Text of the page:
Posts Tagged ‘Ted Turner’

I don’t know about you, but so much of the hunt experience is what happens before and after, and even during the hunt there are so many things that are memorable that don’t involve shooting. So, I thought I’d share some fond memories from a couple years back when I was master of ceremonies at the Governor’s Invitational Pheasant Hunt in South Dakota.

One lesson learned: put a gun in their hands, dogs on the ground, and most people are pretty tolerable, including Ted Turner and the Extraordinary and Plenipotentiary Permanent Ambassador to the United Nations for the Republic of Iraq.

Classic South Dakota hunt.

Off to the food bank!

I've always wanted to snap a photo of the group I was speaking to!

A sense of the vastness. Click for the full effect.

A South Dakota window opener.

Mass transit, South Dakota style.

Not "old," experienced!

Those ringnecks are in here somewhere!

Where the crop goes after harvest ... at least temporarily.

That's Ted's dog, Blackie. We are getting the "safety talk."

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Buddy’s tail quivered, eyes locked on a nondescript patch of grass along an unnamed North Dakota creek. I kicked the grass and a rooster erupted. One, two, three, and my shot dropped the ringneck. As I turned to my partner to gloat, he asked if I’d shot.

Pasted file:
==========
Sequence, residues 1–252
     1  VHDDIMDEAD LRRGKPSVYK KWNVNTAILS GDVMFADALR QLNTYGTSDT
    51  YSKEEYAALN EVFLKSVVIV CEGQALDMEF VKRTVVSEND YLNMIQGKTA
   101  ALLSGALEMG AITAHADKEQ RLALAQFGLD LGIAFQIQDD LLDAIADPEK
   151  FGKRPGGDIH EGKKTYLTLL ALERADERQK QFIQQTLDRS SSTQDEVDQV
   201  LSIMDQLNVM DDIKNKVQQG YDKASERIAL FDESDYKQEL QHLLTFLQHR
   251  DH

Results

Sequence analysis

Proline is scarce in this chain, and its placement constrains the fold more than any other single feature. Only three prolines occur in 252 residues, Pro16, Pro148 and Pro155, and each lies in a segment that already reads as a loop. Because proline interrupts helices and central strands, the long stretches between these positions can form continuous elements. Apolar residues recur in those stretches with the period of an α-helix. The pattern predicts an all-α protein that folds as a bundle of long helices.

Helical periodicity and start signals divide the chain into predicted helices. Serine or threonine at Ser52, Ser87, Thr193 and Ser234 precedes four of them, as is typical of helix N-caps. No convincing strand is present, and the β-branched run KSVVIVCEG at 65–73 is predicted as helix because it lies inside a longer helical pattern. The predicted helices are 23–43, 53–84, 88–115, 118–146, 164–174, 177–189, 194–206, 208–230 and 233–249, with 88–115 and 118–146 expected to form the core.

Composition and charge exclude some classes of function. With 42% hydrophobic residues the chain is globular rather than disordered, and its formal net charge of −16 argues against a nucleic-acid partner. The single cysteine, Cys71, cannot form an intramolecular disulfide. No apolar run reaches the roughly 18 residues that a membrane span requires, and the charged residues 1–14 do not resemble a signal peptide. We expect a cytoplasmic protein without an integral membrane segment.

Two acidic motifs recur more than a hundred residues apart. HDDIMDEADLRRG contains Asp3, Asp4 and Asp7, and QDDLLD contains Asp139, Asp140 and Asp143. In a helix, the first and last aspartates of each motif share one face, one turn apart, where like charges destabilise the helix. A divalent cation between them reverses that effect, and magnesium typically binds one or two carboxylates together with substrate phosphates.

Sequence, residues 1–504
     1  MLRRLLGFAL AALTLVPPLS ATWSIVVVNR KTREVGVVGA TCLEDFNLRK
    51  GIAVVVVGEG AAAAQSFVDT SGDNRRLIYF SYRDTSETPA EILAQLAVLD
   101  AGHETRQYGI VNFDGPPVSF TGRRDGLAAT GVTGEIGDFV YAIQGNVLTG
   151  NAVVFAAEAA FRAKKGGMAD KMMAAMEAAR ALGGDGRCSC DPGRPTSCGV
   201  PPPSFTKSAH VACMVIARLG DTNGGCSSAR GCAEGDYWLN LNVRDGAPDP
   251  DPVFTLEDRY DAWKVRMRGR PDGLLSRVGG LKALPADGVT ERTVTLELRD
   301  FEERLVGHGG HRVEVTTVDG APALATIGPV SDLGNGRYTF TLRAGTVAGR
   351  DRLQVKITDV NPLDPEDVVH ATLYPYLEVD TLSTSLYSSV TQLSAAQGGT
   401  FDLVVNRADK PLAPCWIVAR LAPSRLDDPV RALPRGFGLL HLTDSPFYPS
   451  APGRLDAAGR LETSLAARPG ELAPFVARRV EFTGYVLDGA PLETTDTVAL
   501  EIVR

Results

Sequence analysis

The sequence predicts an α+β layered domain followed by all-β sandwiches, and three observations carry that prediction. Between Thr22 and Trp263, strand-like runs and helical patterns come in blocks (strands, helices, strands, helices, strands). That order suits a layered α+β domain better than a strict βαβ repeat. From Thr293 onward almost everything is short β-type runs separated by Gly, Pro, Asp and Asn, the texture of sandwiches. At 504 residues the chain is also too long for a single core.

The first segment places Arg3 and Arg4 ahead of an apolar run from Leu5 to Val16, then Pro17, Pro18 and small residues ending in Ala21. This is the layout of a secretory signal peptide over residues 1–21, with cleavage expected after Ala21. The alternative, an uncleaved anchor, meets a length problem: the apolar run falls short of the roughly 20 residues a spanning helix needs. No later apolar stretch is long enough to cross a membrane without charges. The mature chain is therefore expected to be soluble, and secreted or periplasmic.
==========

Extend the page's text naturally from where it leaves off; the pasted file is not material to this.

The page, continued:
Alright, so who gets credit when you're part of an all-star cast?


He had too. The shots were so well synchronized, neither of us knew the other had also drawn down on the bird. 

I write because it’s more than a rare occurence. In the last couple seasons, I’ve shared credit with Ted Turner, winemaker Jerry Lohr, Gov. Mike Rounds of South Dakota, the Extraordinary and Plenipotentiary Permanent Ambassador to the United Nations for the Republic of Iraq, and a bunch of regular guys who mean just as much to me in the field as those big shots. Some happened in front of the Wingshooting USA cameras, so you’ll see them next season. Others, well, they were just for fun and you’ll have to take my word for it. 

Has this happened to you? What then? Who takes credit for the shot? And who takes home the bird? We generally have a laugh, pet the dog, and get on with the hunt. But what if you’re in a big group, including strangers. Or if one of your party is a well, game hog. 

What now? What would you do?

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